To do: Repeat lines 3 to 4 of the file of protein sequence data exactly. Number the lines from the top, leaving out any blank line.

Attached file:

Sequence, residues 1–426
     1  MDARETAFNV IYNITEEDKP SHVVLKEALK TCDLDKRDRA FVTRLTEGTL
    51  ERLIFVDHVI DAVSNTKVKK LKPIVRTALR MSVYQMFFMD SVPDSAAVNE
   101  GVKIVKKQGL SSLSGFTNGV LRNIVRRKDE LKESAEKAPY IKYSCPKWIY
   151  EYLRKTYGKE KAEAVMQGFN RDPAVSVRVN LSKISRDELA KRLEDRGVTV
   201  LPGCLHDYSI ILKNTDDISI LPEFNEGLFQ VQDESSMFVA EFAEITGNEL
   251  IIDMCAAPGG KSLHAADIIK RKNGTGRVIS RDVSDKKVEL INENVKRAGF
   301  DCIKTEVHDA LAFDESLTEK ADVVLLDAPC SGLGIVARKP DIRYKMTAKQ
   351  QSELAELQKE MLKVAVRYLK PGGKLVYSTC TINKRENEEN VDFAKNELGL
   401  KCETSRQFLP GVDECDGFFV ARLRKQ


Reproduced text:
    51  ERLIFVDHVI DAVSNTKVKK LKPIVRTALR MSVYQMFFMD SVPDSAAVNE
   101  GVKIVKKQGL SSLSGFTNGV LRNIVRRKDE LKESAEKAPY IKYSCPKWIY